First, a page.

If you are planning on building a deck this summer, your first instinct may be to pick up the phone, call a few contractors, and go with the one who quotes you the best price. Going for the cheapest contractor is not always the best way to go about new additions to your home, and a deck is one of those types of additions that, while attractive and useful, also requires maintenance and other considerations before building can commence.
So before calling those contractors, consider these five important items before choosing how to build your deck this summer.
Treated vs Composite Boards
If you are looking to save money upfront, pressure-treated boards are the cheapest option to go with. However, decks can break down pretty quickly, as they are prone to weathering and degradation by insects. Decks built with pressure-treated boards require yearly staining and cleaning to stave this off, while composite boards do not require this level of maintenance, but cost more upfront.
Buyers interested in saving money in the short-term would want to go with the treated wood, while those interested in saving money over the long-term in cleaner and stain would want to get composite boards.
Keep it Simple
Depending on where you live, building codes may dictate how high your deck can be from the ground before it is in violation. Checking with your local office before building is a good idea, and so is keeping your build simple. A deck with varying heights and multiple features is more likely to run afoul of your local building codes, so be sure you know what you would like to build ahead of time.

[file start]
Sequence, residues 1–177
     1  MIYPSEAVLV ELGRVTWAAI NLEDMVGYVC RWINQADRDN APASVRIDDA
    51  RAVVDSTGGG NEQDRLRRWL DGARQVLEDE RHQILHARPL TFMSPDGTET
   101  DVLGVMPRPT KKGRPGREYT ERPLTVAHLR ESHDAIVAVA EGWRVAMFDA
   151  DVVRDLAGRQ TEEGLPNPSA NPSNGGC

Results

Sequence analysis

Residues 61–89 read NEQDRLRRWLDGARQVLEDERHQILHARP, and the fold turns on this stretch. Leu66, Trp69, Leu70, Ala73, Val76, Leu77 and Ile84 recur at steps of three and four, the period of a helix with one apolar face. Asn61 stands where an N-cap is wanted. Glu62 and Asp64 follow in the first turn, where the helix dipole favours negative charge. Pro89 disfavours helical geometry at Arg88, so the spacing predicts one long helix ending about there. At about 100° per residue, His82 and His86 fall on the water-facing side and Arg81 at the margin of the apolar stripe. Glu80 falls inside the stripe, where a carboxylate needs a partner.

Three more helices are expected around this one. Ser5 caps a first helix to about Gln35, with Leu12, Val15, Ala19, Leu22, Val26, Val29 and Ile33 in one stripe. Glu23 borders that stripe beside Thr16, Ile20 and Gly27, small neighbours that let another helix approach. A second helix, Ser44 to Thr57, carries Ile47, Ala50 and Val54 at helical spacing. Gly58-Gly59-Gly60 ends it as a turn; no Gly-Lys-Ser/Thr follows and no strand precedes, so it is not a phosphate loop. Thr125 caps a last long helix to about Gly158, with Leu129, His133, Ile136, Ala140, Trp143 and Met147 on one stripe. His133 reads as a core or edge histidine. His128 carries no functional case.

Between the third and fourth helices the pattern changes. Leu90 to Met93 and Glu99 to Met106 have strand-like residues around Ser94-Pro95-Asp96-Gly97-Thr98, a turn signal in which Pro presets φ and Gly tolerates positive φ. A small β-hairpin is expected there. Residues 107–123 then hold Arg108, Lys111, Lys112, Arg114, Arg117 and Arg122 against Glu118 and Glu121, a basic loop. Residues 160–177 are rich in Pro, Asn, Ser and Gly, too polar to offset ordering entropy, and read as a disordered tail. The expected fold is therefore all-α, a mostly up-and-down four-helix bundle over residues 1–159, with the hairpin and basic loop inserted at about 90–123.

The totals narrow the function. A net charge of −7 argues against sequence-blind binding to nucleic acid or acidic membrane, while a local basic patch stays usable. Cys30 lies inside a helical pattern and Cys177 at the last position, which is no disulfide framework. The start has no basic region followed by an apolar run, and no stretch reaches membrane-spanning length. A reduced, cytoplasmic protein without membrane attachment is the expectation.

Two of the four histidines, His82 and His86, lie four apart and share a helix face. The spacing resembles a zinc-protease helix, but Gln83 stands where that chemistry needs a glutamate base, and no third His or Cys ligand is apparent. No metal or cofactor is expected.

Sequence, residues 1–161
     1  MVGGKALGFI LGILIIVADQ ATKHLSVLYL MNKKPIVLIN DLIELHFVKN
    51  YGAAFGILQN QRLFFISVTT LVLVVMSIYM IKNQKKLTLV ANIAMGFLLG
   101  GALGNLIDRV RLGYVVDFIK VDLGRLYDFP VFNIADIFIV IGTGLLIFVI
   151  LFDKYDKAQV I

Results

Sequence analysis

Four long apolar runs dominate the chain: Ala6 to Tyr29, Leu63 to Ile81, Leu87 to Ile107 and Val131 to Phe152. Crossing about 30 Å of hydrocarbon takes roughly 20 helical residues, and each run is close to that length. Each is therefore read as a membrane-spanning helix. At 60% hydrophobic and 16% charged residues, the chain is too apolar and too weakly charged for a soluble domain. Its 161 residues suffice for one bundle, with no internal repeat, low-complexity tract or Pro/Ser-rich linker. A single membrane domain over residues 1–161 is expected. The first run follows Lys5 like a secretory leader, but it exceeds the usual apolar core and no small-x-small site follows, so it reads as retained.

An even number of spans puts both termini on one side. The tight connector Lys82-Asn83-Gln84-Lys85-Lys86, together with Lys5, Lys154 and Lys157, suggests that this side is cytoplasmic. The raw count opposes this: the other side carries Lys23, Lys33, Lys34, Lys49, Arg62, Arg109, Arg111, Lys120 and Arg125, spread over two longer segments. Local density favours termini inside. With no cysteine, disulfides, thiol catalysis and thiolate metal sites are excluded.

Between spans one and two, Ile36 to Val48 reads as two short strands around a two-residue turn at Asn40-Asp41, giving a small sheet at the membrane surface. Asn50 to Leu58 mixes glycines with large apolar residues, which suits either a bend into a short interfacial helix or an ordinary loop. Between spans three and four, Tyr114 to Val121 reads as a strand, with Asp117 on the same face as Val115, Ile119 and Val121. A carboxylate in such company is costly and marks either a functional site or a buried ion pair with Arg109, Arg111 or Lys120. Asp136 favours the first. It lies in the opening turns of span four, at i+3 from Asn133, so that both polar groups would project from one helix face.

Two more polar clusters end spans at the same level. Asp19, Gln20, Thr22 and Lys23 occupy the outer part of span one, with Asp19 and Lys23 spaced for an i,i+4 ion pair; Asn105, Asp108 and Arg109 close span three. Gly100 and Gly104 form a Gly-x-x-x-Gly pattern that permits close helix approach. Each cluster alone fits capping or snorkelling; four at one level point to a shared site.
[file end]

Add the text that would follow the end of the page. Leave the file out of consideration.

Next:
Stairs Can Also Serve as Shade
If a double-decker deck is indeed in the cards for construction, stairs themselves can also provide dappled shade when properly placed. While planning, be sure to check the trajectory of the sun in relation to your plans to see where the shadows will land during various points of the day, then plan accordingly.
Pallet Wood Can Be Used in a Pinch
If you happen to have access to a cache of pallet wood and some stain, some intrepid DIYers have been able to construct fully functional and attractive decks out of repurposed wood and materials that they already had on hand. An excellent idea for someone who has both the tools, materials, and time, this can also work for someone who knows someone who has these items as well.
Rent Specialty Tools
If you do not plan on doing woodwork in the future, renting your tools for the day may be a good economic decision rather than having them languish unused in a garage or tool shed. The daily rate to rent out a jigsaw or rotary saw is significantly cheaper than buying any of them outright, and fortunately, building a deck is a job that many DIYers can complete over the weekend.